Certainly. When might a decision on that be made, just so people can plan?

Andrew Cuomo: (34:42)
Well, the New York City decision, New York City has to make. What we do on our executive orders that are going to expire, we have a couple of weeks still, so we’ll give people timely notice, but we’re looking at all options.

Speaker 3: (34:57)
Is there going to be a task force… This is probably a question for Melissa, too, since I know you’ve been spearheading it. Has there been any update there on the safety of pregnant women giving birth during the pandemic, and just how has that work been going so far?

Melissa DeRosa: (35:09)
We’re going to be giving the governor a list of recommendations this weekend for executive action, so you’ll be seeing something in the next couple of days, but we’ve been meeting every day this week.

Speaker 4: (35:18)
Governor, that revenue shortfall opens the door for you to institute a cut to local governments, to schools. Do you intend on invoking that power, and what kind of cuts should those entities expect?

Andrew Cuomo: (35:30)
We’re looking at that now, and we don’t have a decision now. But I’ll tell you the truth. I said to the federal government… I’ve been talking about this for how long? Two months. I said, “How can you have a federal government in a position where they’re not going to provide funding to state governments and local governments?” Small business, airlines, business program. Now some of these large corporations now apparently have been taking money from the government programs. And they’re not funding state and local.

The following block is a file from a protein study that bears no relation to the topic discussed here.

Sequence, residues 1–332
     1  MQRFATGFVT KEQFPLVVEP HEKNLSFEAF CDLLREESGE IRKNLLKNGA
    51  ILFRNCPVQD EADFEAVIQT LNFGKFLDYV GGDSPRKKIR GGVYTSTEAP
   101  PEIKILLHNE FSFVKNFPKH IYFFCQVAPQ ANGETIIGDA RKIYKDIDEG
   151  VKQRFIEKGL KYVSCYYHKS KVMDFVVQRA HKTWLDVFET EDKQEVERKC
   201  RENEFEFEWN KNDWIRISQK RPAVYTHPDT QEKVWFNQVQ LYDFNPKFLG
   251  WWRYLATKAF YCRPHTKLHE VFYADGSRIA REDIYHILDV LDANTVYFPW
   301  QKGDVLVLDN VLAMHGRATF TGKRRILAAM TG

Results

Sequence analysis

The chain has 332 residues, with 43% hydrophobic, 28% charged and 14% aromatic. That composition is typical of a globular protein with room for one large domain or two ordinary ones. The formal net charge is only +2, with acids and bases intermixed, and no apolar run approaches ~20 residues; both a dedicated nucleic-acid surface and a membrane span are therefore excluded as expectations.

Andrew Cuomo: (36:03)
When you don’t fund state and local, you know who you don’t fund? Police, fire, school teachers, school officials. What was the possible theory of funding large corporations, but not firefighters and not police and not healthcare workers? It boggles the mind.

Andrew Cuomo: (36:26)
All they said was, “Don’t worry. Don’t worry, we’re going to do it in the next bill. We’re going to do it in the next bill. We’re going to do it in the next bill.” I said to our congressional delegation, I said to our senators, Schumer and Gillibrand, “Don’t pass this past bill that they just did unless you have state and local funding, because they’re not going to do it.” Don’t worry. Don’t worry. They’re not going to do it.

Andrew Cuomo: (36:54)
As soon as the Senate acts, McConnell turns around and says, “I’m not going to do it. The state should declare bankruptcy. Bailout to the blue states.” Bailout to the blue states. Again, the most un-American, uncharitable, ugly statement of all time.

Andrew Cuomo: (37:12)
Yes, New York had more coronavirus cases than Kentucky. Do you know why? The flights from Europe land in New York. The flights were not landing in Kentucky. That’s why we have the coronavirus cases. That’s what the researchers now found two months later, that the virus went from China to Europe, got on a plane, and came here. And by the way, the virus probably got on a plane in China and came here, but China maybe landed in California. The European flights landed here. That’s why New York has the coronavirus cases.

Andrew Cuomo: (37:56)
Bail out New York? You’re not bailing out New York. New York has bailed you out. Every year, it’s bailed you out. Mitch McConnell is a taker, not a giver. New York is the state of givers. We put more money into the federal pot every year. We’re the number one state in donating to the federal pot, number one. Kentucky is the number three state in taking from the federal pot. They take out more from the federal pot than they put in every year. But this is America, states, one federal pot. You put in what you can, and the states that need it take it. Okay, so for every year New York was the number one-